4. Flex Your Wonder Muscle: Get OK with not knowing. When you and your parents disagree about how many times you went to the beach as a kid, for instance, and whether or not your sister was there with you the first time you saw the underside of a starfish, don’t lose your mind googling that beach or combing through old photo albums to prove them wrong.  Instead, wonder why you place her in that memory, your sister, a person you’ve lost touch with, the first time you saw something stunning. Then, wonder why your parents don’t. These small mysteries make up the living fiction of our everyday realities, and once you can recognize them, you are likely to notice how abundant and peculiar they are. Now, use them.

5. Be Armageddon Honest: Tell the kind of truth on the page you don’t tell in real life. Not the “I would have preferred a little more mayo on this” truth, but the “This is what I do when no one is watching me” truth.  It’s scary to reveal this, I know, but that is why fiction is made up of plots and characters and not journal entries. If you are scared of what your momma might think, then you know you are on to something good. If you don’t write or submit a piece because you are afraid of what others might say about your particular brand of truth, then you will fail, and continue to fail, because you are keeping yourself from being the artist you could be. That’s just a fact. So, put your truth on the page. Make it sing.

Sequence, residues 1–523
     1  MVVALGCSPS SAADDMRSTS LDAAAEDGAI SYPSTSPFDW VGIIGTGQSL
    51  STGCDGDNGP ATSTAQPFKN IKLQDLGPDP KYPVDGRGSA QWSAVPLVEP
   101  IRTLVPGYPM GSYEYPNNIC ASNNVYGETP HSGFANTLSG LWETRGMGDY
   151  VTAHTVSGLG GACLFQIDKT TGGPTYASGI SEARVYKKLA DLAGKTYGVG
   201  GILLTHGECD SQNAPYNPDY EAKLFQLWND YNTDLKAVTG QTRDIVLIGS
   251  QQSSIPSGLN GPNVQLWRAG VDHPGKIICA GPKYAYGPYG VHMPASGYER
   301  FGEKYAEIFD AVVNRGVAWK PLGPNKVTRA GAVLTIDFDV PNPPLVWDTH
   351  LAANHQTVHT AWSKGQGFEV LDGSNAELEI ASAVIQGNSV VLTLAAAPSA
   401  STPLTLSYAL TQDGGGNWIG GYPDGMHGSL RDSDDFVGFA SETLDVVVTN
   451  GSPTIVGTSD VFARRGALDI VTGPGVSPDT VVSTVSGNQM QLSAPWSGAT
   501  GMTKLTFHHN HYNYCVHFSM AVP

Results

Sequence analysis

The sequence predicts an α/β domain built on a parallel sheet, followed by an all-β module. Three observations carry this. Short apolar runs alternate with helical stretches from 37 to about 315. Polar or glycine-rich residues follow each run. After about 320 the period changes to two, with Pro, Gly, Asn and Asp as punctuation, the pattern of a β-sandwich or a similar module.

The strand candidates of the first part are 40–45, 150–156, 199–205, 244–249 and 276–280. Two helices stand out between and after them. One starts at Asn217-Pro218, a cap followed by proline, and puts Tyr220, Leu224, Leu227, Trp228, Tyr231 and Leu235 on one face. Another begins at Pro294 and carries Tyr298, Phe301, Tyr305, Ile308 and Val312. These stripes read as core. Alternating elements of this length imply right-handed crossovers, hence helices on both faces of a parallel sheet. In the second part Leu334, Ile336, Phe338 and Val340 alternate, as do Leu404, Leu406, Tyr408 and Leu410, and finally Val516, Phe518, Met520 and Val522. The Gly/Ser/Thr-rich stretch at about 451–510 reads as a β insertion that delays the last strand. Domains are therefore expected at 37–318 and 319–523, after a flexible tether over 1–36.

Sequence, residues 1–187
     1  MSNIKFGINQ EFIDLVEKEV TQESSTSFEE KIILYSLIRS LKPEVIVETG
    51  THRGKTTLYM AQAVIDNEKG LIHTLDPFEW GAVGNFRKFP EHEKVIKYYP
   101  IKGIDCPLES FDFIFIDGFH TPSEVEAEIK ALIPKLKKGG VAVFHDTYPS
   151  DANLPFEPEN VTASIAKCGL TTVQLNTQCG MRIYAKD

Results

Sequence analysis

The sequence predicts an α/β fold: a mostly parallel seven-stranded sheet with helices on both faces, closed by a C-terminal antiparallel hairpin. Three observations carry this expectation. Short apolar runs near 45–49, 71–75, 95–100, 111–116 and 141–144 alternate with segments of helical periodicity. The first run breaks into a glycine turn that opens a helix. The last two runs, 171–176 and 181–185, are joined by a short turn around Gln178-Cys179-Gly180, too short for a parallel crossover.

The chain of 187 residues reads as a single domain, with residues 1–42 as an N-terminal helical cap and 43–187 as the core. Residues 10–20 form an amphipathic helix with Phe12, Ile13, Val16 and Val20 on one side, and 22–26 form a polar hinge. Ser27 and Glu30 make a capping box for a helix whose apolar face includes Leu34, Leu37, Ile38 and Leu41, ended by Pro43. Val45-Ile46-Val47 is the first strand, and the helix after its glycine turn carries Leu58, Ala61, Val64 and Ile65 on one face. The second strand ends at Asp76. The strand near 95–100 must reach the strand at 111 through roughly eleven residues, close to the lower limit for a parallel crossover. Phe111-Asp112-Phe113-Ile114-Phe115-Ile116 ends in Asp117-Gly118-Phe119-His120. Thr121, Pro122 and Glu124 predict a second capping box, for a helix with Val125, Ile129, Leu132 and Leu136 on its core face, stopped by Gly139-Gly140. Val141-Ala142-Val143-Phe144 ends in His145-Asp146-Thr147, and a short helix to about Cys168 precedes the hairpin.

(Writing a synopsis for your novel? Here are 5 tips.)

After all, your weird is only interesting to others if you do the work (and revision) to make it so. The secret truths you are afraid to confess, those are the exact things that, if well rendered, end up resonating with readers as if somehow connected to their own brand of weird that, until they read your work, they thought was a secret, too. This type of intimate communication between strangers (reader and writer) seems like a miracle but is really just the product of locating your weird and writing it well.

And, in a world where writing can be taught, where practically anyone can do it, then finding your weird is the only advantage you’ve got.

Don’t let it get away.


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This guest column is a supplement to the
“Breaking In” (debut authors) feature of this author
in Writer’s Digest magazine. Are you a subscriber
yet? If not, get a discounted one-year sub here.




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3 thoughts on “How to Locate Your Weird (and Better Your Writing)

  1. digital_native

    You know what’s weird? Trying to determine who wrote this article. It says “By Chuck Sambuchino” at the top, then in the middle, mixed in with some soap ads, it says “Column by M.O. Walsh,” and then at the end it mentions that this is a guest column. So I’m guessing the actual author is Mr. Walsh, but I’m a reader left with doubts which, for a writing magazine, signifies very poor communication.

  2. simeon

    Just read this post. Wow. Great stuff. You really got to the meat of character and what makes a situation or character memorable. Very helpful. Regarding the POV of a lava lamp? I smiled – in one of my creative writing classes in college I had to choose an inanimate object. I chose a steel chain swing in a city park.